“Golden Potlatch” song in Chinuk Wawa
You know sparks will fly. A Jargon song, and lots of other Olympic Peninsula Chinook Jargon recollections, from an early settler who styled himself “The Patriarch”.
Edward Clayson Sr., that is. Hm, “senior”…”patriarch”. “The Patriarch” sounds like the handle of a newspaper columnist. Mental note to check on that…
…Aha! Clayson published a curmudgeonly little anti-feminist Seattle newspaper titled The Patriarch.
The fella must’ve been quite a quantity, as I also gather he was the rare and stubborn pro-Confederate voice in his Washington Territory community. (Matter of fact, I suspicion I’m detecting a Southern accent in his Chinook Jargon.) In the book I’ll be discussing today, he keeps referring to his neighbors as “slaves”.
He also authored a 1908 book whose title we here will appreciate, “The Muck Rake…Cumtux?” (kə́mtəks ‘to understand’) That volume appears to be addressed directly to President Theodore Roosevelt, making an addition to our unexpected genre of Chinuk Wawa messages to US commanders-in-chief (we’ve seen Taft, Grant, etc.):
Children of savages love their parents, too, but they know nothing about “honoring” them. The only “reverence” of a savage is for the “bow and ar[r]ow” or the “fish spear,” and the Indian who can use them the most dexterously; so he is a good materialistic American. “Delate hi-hu. Cumtux?” (page 61)
Today’s book by him is titled titillatingly:
“Historical Narratives of Puget Sound: Hoods Canal, 1865-1885. The Experience of an Only Free Man in a Penal Colony” (Hood Canal, Wash.: R.L. Davis Printing Company, 1911).
It’s a rare find, for the precision of Clayson’s memory. He provides copious names, biographical data, dates, locations, and quotes — far more details than almost any other eyewitness account we’ve ever seen. And the locale is (as the author notes) really a backwater of the Washington coast, so here we’re treated as seldom to early-days eyewitness encounters from there.
Now, the day has gotten away from me with a single dad’s busy agenda, but because I publish daily, let me knock this out & still make it quite interesting.
The “Golden Potlatch” song from the Chinookomaniac booster festival of that name — previously unknown to us, and entirely in Chinuk Wawa — is inside the front cover, making for an attractive orange image:
(Copyrighted, 1911, by E. Clayson, Sr.)
Klosh Mika Nanitsh.
Klahowya Tillikums! Nesikas Klosh tum tum
Kopa Konoway. Cumtux?
Delate kla-how-ya tillikums, kah mika I’l’-a-he?
Mika cumtux konnaway, spose mika halo chee,
Tyhees skookum wa-wa kopa o-koke sun,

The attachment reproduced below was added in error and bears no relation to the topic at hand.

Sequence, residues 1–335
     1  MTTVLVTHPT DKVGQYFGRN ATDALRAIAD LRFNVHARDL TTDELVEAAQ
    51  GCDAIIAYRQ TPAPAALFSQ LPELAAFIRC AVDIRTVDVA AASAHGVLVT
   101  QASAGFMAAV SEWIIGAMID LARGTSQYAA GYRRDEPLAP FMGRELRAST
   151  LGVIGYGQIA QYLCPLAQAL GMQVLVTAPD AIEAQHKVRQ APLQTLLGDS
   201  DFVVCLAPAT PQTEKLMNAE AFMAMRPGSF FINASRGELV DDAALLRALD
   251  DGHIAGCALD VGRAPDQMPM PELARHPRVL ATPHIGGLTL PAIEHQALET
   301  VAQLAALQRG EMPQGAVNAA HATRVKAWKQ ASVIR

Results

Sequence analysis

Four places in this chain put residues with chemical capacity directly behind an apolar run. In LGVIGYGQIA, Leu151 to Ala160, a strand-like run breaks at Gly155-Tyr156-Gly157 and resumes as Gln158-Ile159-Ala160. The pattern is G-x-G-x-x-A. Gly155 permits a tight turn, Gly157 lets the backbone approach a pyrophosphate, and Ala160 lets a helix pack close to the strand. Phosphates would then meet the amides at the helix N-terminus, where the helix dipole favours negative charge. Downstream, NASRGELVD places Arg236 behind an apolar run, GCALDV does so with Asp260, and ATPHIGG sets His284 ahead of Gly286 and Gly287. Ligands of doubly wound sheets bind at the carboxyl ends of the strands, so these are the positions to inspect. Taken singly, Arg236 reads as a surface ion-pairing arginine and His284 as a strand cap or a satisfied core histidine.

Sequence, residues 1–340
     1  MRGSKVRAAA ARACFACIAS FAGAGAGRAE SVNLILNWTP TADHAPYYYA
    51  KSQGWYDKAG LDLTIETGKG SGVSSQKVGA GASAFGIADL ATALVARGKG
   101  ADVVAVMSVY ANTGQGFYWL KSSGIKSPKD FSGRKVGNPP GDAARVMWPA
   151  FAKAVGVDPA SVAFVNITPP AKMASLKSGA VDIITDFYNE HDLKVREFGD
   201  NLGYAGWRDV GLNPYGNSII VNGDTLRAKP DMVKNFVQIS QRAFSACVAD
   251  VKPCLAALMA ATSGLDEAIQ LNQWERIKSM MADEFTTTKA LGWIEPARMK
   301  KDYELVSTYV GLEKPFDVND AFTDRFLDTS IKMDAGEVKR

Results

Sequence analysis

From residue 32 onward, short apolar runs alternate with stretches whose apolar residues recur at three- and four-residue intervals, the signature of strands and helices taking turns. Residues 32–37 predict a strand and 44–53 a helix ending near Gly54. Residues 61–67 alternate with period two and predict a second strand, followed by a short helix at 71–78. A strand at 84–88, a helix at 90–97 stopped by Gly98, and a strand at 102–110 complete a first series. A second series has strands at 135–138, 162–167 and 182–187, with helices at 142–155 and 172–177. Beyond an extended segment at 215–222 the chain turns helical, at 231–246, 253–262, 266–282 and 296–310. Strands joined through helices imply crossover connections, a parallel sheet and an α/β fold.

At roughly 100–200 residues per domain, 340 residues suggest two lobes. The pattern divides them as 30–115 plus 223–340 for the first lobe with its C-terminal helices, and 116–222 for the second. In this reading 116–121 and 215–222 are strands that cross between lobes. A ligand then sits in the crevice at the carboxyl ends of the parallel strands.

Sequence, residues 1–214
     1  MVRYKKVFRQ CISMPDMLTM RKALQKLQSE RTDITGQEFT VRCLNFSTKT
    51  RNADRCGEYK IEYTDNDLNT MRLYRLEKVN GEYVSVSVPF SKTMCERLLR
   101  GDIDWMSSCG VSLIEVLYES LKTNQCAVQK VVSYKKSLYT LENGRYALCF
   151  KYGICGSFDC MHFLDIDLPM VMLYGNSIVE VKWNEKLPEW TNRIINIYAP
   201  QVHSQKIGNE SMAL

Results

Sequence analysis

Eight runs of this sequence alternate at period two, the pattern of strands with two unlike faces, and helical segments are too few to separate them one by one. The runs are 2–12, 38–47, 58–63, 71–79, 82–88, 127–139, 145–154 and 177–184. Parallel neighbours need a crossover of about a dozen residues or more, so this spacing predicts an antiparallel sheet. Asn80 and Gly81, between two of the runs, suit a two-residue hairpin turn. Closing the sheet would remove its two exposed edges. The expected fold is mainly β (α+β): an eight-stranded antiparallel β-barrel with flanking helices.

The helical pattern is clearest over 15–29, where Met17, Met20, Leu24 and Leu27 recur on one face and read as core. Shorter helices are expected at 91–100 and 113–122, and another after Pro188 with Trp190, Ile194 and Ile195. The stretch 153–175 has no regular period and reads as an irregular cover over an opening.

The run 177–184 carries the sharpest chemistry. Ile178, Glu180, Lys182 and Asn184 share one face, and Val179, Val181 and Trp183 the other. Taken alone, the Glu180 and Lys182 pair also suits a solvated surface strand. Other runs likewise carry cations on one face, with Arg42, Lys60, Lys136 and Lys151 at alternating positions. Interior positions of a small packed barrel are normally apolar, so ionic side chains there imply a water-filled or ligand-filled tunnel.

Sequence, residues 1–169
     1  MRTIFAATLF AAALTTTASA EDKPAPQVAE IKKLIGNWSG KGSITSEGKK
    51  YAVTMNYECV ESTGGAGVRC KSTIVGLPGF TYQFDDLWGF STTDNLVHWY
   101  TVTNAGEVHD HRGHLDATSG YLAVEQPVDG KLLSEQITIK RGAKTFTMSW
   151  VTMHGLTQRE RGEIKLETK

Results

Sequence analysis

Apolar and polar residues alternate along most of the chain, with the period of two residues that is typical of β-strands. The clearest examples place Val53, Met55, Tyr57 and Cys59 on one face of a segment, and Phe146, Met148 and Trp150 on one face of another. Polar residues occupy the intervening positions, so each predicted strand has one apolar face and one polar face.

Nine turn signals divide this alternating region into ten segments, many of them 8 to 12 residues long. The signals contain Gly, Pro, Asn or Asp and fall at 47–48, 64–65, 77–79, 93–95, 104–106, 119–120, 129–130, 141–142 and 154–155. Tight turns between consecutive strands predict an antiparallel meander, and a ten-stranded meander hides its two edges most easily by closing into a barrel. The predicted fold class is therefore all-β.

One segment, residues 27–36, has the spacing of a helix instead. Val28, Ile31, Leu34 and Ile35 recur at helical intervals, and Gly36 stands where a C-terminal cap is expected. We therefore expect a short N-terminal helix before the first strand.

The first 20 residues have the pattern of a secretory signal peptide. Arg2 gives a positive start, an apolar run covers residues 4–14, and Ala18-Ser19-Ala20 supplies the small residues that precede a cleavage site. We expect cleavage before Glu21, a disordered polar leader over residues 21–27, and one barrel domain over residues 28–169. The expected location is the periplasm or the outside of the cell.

Cloochman mamok tin tin pee charco klosh tum-tum.
Seattle hi-hu cumtux kopa konaway sun,
Mamook hyas Potlatch wake kil-a-pie tum tum.
Mika charco mitlite kopa “piah chick-chick,”
Yaka hyack cooley kopa tenas stick.
O’coke halo kah-kwa, kopa ahnkutie,
Copet “canim” pee lolo o’coke il’l’-a-he.
Hi-yu moos-moos mitllte, delate klosh muck-a-muck,
Pee cultus Boston wa-wa, “halo skookum chuck,”
Yaka hyas pelton, halo cumtux klosh,
Spose halo tickey “skookum chuck,” hyack memaloose.
Spose mika “iscum pottle,” o-coke delate wake klosh,
Sol-leks tum-tum charco, klatawa skookum house,
Klosh nanech tyee wa-wa, tomah-la, tenas, sun,
Mika potlatch chickerman pe keel-a-pie tum-tum.
TRANSLATION OF THE ABOVE VERSES.
Good You Look.
Salute Friendsl We Good Heart for All. Understand?
These Verses are full of meaning. They are descriptive and somewhat satirical. They are descriptive of “an event,” a gathering of old friends.
Seattle understands much, all the time;
Makes a Big Potlatch; does not alter her mind.
The first verse describes “The Hyas Golden Potlatch Tyee” addressing the throng as they approach his threshold, and he asks them where their home is. He says they know every one, if they are not newcomers, and says further that the chiefs will strong talk today; women make music to cheer the heart.
The second verse says: “You come here in a fire wagon that came quick into the woods, a little way. This was not the way or the same in old days. You had the canoe only to bring you to this place or this land.”
The third verse: Lots of beef here, truly good to eat, but the useless American talks “no strong drink.” He is a big fool, no understand good. If he wants no “strong drink,” soon die.
The fourth verse: “If you get drunk, this truly no good, bad heart come, go to jail; look out, Chief; strong talk tomorrow morning, you give money to alter your mind.
There’s some excellent Jargon in those lyrics, and as you’re accustomed to me saying, it’s good news that it’s spelled weird — that suggests it’s Clayson’s own lingo, learned from experience and not copied out of books.
The oddest thing is that Clayson did the hard work to fit Chinuk Wawa into a meter and rhyme scheme, which is awful difficult with this language, and tougher to accomplish while preserving good grammar and staying understandable. Hats off. Really, few have matched that achievement of his.
Who is going to track down the tune of this song?? We need to add this to our impending Chinuk Wawa music festival / album / YouTube channel. (Along with this English-language ragtime song from the Golden Potlatch: see “The Potlatch Bug” sheet music.) (And this “Golden Potlatch March“.)
I leave you with the advice to visit a Pinterest page that collects an unbelievable amount of fun kitschy Golden Potlatch souvenirs, many emblazoned with Chinuk Wawa words.
Okay, I need to hit the hay. More tomorrow.